“What I Learned Today” With Jeff Smith: Brake Hose Failure

This one had us baffled for a short time. We resurrected my son’s ’65 El Camino that had been in storage for about five years. We installed a new battery, rebuilt the carburetor, and had the car running for a short time before we realized the rear brakes were dragging. The evidence was smoke coming from the rear drums after a short drive on the highway. 

When we first inspected the hose on the car, it looked okay as with photo A. But a closer inspection (photo B) revealed these small lumps in the hose that indicated it had failed even though it did not leak. 

We noticed there was residual pressure in the rear hydraulic circuit that kept the wheel cylinder pistons applied. The car was equipped with a rear brake adjustable pressure regulator so we assumed that was the problem. We purchased one from Summit Racing and installed the new valve but that did not solve the problem. Even worse, now very little pressure was being applied to the rear drums. We next looked for a kink in the line was restricting the flow. We could not find one which left the flexible brake hose as the only other possibility. A visual inspection of the hose did not indicate it was bad, but after we removed the hose an air nozzle with 100 psi pressure test could not force air through the hose so clearly it had collapsed internally.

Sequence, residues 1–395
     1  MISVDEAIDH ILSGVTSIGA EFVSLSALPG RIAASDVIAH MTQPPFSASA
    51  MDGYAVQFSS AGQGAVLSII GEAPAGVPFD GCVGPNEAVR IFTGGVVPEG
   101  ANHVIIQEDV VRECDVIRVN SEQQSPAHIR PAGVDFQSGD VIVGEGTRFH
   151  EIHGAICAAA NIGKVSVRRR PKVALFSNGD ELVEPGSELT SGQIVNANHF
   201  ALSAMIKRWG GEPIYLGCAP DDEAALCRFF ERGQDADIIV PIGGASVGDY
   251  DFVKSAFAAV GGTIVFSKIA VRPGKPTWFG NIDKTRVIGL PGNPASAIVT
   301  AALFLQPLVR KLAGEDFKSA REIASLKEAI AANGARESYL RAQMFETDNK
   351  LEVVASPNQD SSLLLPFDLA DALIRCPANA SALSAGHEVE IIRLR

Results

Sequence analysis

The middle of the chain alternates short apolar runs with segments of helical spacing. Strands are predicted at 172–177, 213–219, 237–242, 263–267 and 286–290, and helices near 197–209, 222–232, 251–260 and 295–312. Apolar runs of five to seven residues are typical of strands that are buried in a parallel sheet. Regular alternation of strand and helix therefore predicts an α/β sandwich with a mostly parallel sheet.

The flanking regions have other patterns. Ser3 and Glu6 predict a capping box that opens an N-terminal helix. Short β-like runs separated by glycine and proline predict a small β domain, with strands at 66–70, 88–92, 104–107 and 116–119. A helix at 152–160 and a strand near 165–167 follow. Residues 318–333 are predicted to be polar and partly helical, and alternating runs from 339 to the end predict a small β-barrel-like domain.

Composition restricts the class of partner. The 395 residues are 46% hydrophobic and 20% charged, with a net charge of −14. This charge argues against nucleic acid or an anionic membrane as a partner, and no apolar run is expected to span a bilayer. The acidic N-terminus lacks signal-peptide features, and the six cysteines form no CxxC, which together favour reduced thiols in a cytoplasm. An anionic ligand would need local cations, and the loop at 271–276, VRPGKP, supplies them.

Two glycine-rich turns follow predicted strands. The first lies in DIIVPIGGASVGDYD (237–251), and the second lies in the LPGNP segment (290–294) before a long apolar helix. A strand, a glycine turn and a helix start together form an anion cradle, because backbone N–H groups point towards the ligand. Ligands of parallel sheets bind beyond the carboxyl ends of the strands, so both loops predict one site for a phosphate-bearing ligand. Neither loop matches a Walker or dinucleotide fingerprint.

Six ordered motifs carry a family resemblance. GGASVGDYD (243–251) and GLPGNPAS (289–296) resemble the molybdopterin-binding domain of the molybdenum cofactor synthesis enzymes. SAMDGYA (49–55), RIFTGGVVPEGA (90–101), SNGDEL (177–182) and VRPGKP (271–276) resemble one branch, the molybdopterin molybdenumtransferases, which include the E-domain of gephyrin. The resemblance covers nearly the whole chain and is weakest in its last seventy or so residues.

We purchased and installed a new rear brake hose and now the brakes work properly. A close inspection of the old hose revealed small lumps that indicated the hose had separated internally. In the future we plan to replace the other front hoses just to avoid this issue in the future. Another mystery solved. It just took us longer than normal to diagnose the problem. 

About the author

Jeff Smith

Jeff Smith, a 35-year veteran of automotive journalism, comes to Power Automedia after serving as the senior technical editor at Car Craft magazine. An Iowa native, Smith served a variety of roles at Car Craft before moving to the senior editor role at Hot Rod and Chevy High Performance, and ultimately returning to Car Craft. An accomplished engine builder and technical expert, he will focus on the tech-heavy content that is the foundation of EngineLabs.
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